I have written about Editorial at length on MacStories, and I still find Ole Zorn's text editor to provide the most powerful combination of Markdown and plain text automation that's ever been created on iOS. Over the years, I've put together hundreds of workflows thanks to Editorial's visual actions and Python scripting; while some of them were made for fun and intellectual curiosity, the majority of them helped me save time when doing actual work for this website, Relay FM, and Club MacStories. There is no other app with the same feature set and rich Markdown support of Editorial.

Since iOS 9, however, I've been wondering whether part of Editorial's automation could be taken somewhere else, possibly in another app that offered full integration with iOS 9 multitasking. I may have several workflows in Editorial, but I only use a tiny fraction of them on a daily basis for regular work on this website. I'd rather use a text editor that excels at a subset of Markdown workflows and integrates with iOS 9 than a single text editor with every imaginable workflow without proper iOS 9 integration.

It was this realization that pushed me to give 1Writer another look. I first bought the app years ago, but because I had no excuse to explore the world outside of Editorial, I didn't try to recreate any workflows in it. This time around, I was motivated to rebuild the core of my setup in 1Writer, so I took a deep dive into the app's automation engine.

Things will likely change again once Editorial supports iOS 9, but in the meantime I've developed an appreciation for 1Writer's design and features that helped me understand the app better.

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Why Rdio Died

Yesterday, music streaming service Rdio announced they're filing for bankruptcy and that key assets of the company will be acquired by Pandora. Casey Newton has written an obituary for The Verge, with some good points about Rdio's focus on design:

Miner jokes the design was aimed at "snobby album purists." Among its subscribers were a small legion of user interface and user experience designers — one reason you see little touches of Rdio everywhere you look. It’s there in the blurred album art that you now see in the background of other streaming music services. It’s there in the translucent panes and gradients that Apple introduced with iOS 7. It’s there in the redesigned app for Pandora, the company that ultimately acquired it. For its part, Pandora says that Becherer and his team will build a new on-demand product for the company using Rdio’s intellectual property. It is expected to launch in late 2016.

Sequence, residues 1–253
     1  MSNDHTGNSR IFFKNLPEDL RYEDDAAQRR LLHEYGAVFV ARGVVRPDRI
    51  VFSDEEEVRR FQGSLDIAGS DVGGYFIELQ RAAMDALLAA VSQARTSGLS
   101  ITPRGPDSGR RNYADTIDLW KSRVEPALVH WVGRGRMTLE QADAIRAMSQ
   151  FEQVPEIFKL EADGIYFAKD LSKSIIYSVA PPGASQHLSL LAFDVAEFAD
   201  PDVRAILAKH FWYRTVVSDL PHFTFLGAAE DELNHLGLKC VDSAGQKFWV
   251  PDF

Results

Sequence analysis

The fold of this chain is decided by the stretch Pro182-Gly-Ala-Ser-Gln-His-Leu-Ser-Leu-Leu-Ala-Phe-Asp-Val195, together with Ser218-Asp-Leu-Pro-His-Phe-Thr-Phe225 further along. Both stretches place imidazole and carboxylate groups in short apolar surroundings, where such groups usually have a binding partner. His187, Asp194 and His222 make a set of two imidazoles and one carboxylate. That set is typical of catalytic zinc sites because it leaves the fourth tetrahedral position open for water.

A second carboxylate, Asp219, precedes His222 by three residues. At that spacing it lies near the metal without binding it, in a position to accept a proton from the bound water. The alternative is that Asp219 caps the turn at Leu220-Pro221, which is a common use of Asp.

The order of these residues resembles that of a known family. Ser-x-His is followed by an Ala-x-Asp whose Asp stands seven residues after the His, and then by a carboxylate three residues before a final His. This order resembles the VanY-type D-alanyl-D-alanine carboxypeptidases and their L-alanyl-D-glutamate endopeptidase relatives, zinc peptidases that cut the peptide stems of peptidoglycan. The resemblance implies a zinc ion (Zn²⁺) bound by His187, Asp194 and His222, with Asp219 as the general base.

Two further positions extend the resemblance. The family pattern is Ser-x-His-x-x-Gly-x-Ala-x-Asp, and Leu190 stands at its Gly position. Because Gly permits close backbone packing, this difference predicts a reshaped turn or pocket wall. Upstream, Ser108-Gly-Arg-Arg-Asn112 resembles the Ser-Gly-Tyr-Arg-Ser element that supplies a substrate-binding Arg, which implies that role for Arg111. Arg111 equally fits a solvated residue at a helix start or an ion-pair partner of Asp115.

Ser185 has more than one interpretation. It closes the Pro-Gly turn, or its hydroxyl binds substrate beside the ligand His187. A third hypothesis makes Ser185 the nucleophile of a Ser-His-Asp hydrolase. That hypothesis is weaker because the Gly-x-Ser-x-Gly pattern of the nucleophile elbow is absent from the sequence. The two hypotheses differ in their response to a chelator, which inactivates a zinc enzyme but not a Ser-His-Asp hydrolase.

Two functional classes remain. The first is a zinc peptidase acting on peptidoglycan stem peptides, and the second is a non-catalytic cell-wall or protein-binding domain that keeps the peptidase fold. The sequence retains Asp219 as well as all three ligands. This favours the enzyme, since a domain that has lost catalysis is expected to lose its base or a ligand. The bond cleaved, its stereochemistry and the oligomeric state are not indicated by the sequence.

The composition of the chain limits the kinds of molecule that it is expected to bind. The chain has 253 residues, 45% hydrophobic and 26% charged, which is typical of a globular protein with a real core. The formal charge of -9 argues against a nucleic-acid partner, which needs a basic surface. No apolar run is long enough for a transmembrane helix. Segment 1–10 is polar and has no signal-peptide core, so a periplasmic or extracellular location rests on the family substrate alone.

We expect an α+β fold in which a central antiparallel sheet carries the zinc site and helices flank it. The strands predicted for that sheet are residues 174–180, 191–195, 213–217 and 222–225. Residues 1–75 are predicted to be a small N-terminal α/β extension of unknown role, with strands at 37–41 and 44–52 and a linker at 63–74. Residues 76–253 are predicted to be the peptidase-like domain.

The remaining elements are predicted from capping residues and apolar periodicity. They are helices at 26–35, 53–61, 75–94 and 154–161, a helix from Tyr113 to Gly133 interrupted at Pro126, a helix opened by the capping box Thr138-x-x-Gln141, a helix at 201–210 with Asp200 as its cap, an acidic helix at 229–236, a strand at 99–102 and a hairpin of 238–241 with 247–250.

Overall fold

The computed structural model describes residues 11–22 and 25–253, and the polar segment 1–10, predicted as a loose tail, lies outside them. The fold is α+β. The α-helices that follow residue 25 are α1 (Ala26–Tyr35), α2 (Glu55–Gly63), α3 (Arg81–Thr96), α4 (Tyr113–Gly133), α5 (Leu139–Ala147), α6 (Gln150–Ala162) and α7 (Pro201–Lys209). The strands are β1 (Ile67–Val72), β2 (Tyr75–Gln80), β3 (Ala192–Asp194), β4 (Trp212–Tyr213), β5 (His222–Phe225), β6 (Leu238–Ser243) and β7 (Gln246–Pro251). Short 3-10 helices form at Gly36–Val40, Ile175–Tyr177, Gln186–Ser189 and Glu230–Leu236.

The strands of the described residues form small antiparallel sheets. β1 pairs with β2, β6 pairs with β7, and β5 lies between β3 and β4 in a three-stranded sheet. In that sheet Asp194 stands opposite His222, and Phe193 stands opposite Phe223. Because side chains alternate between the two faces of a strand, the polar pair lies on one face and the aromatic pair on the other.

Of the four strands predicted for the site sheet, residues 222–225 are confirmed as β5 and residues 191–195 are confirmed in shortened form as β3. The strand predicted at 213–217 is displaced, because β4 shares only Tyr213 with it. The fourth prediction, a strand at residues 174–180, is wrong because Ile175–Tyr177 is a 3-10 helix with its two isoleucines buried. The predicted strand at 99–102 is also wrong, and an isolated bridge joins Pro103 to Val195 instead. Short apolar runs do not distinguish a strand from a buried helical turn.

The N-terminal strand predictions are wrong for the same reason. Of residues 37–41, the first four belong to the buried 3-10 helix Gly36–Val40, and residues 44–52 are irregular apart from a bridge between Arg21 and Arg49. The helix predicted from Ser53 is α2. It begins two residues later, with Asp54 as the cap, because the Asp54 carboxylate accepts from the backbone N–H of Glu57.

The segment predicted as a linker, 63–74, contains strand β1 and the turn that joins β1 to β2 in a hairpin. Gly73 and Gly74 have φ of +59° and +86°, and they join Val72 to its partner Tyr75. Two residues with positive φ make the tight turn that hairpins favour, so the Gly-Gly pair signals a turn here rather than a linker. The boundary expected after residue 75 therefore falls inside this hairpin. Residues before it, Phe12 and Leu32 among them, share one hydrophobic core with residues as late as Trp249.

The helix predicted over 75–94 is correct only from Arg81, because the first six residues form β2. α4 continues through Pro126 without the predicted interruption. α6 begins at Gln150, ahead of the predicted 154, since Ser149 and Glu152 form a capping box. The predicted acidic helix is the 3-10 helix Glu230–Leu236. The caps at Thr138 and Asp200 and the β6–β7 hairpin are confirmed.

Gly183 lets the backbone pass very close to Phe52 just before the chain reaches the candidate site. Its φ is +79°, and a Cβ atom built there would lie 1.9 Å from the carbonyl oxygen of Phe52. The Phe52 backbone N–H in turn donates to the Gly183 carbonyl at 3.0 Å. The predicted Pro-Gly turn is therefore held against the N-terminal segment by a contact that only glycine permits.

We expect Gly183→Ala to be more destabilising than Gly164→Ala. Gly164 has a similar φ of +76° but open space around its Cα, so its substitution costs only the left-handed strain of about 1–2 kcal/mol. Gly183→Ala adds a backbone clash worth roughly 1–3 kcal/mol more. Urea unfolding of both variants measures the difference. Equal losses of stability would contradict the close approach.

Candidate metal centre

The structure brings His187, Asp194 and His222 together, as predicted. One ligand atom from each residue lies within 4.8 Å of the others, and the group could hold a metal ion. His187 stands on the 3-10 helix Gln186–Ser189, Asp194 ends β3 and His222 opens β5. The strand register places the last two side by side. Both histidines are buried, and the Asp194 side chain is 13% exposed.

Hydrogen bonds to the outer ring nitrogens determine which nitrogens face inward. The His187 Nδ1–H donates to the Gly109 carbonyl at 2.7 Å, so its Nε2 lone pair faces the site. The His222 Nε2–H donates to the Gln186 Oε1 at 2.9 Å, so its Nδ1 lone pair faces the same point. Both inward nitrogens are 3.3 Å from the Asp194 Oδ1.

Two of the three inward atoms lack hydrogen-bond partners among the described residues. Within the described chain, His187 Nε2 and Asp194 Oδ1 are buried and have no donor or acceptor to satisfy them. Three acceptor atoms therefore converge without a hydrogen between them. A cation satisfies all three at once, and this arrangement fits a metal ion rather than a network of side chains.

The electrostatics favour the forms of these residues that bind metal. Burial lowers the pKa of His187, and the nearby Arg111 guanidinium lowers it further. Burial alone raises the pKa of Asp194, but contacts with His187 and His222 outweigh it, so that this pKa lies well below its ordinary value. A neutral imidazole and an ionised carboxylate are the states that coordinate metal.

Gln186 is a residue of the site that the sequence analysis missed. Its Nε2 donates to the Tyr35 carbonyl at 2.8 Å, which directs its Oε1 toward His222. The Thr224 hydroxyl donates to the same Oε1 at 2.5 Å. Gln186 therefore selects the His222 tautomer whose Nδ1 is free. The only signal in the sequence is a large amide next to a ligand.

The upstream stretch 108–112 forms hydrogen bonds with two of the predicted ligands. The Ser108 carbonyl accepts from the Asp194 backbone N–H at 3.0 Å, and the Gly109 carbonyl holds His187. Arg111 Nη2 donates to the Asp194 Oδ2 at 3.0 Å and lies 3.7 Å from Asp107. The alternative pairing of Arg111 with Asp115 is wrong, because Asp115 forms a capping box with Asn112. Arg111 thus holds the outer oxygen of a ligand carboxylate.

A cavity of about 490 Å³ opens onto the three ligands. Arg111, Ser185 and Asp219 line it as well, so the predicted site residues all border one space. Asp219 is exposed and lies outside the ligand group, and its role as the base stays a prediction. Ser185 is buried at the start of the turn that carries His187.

Rdio wasn't the first music streaming service I tried, but it was the first one I loved, and that was because of its tasteful design and focus on albums and discovery. You could tell that the people who made Rdio loved music and the idea of sharing music. They cared. And ultimately, focusing too much on design touches while avoiding basic aspects like growth and marketing spelled the end of the company.

There's no doubt in my mind – Rdio was the most elegant streaming service. Its social, discovery, and playback features (good queue management, sort by label, heavy rotation among friends, excellent weekly releases – just to name a few) were simply unrivaled. Rdio was great.

I used to write about Rdio a lot, and you can still find all my old posts and screenshots here. I'll miss Rdio.


“A Fundamental Point of Interface”

From Tony Chambers' interview with Jony Ive on the Apple Pencil:

I think there’s a potential to confuse the role of the Pencil with the role of your finger in iOS, and I actually think it’s very clear the Pencil is for making marks, and the finger is a fundamental point of interface for everything within the operating system. And those are two very different activities with two very different goals.